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Whole-slide images (WSI) in computational pathology have high resolution with gigapixel size, but are generally with sparse regions of interest, which leads to weak diagnostic relevance and data inefficiency for each area in the slide. Most of the existing methods rely on a multiple instance learning framework that requires densely sampling local patches at high magnification. The limitation is evident in the application stage as the heavy computation for extracting patch-level features is inevitable. In this paper, we develop RLogist, a benchmarking deep reinforcement learning (DRL) method for fast observation strategy on WSIs. Imitating the diagnostic logic of human pathologists, our RL agent learns how to find regions of observation value and obtain representative features across multiple resolution levels, without having to analyze each part of the WSI at the high magnification. We benchmark our method on two whole-slide level classification tasks, including detection of metastases in WSIs of lymph node sections, and subtyping of lung cancer. Experimental results demonstrate that RLogist achieves competitive classification performance compared to typical multiple instance learning algorithms, while having a significantly short observation path. In addition, the observation path given by RLogist provides good decision-making interpretability, and its ability of reading path navigation can potentially be used by pathologists for educational/assistive purposes. Our code is available at: \url{https://github.com/tencent-ailab/RLogist}.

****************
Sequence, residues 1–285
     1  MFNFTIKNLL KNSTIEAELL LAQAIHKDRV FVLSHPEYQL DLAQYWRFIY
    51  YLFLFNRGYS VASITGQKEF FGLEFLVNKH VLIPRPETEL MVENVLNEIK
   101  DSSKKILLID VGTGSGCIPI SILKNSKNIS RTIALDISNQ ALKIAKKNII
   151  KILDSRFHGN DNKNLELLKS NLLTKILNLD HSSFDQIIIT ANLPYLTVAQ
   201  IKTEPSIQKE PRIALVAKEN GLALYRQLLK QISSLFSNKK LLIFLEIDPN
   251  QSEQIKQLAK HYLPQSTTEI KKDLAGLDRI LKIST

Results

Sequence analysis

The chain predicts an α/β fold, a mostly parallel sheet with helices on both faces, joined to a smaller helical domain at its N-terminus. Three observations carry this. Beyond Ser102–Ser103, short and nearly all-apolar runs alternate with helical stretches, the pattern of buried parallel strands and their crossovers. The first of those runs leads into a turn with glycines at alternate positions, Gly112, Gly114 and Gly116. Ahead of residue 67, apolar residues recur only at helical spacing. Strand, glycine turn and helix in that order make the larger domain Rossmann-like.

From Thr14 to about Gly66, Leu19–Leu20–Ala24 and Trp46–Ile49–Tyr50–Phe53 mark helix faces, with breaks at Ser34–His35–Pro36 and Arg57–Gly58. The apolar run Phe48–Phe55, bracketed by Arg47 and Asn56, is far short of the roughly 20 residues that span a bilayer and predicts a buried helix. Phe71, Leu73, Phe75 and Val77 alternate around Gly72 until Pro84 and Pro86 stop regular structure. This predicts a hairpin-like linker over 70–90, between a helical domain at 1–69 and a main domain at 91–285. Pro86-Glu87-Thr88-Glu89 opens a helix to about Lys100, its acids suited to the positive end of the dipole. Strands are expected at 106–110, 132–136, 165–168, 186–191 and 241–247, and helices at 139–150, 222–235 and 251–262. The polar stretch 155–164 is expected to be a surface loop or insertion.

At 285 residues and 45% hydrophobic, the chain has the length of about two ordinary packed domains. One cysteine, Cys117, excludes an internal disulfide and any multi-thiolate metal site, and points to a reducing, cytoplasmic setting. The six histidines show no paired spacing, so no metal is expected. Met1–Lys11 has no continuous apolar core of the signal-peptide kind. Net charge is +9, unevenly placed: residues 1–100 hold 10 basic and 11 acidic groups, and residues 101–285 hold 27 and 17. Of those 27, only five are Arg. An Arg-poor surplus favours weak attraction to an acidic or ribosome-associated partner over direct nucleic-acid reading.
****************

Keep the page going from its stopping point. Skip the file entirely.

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When analyzing confidential data through a privacy filter, a data scientist often needs to decide which queries will best support their intended analysis. For example, an analyst may wish to study noisy two-way marginals in a dataset produced by a mechanism M1. But, if the data are relatively sparse, the analyst may choose to examine noisy one-way marginals, produced by a mechanism M2 instead. Since the choice of whether to use M1 or M2 is data-dependent, a typical differentially private workflow is to first split the privacy loss budget rho into two parts: rho1 and rho2, then use the first part rho1 to determine which mechanism to use, and the remainder rho2 to obtain noisy answers from the chosen mechanism. In a sense, the first step seems wasteful because it takes away part of the privacy loss budget that could have been used to make the query answers more accurate. In this paper, we consider the question of whether the choice between M1 and M2 can be performed without wasting any privacy loss budget. For linear queries, we propose a method for decomposing M1 and M2 into three parts: (1) a mechanism M* that captures their shared information, (2) a mechanism M1' that captures information that is specific to M1, (3) a mechanism M2' that captures information that is specific to M2. Running M* and M1' together is completely equivalent to running M1 (both in terms of query answer accuracy and total privacy cost rho). Similarly, running M* and M2' together is completely equivalent to running M2. Since M* will be used no matter what, the analyst can use its output to decide whether to subsequently run M1'(thus recreating the analysis supported by M1) or M2'(recreating the analysis supported by M2), without wasting privacy loss budget.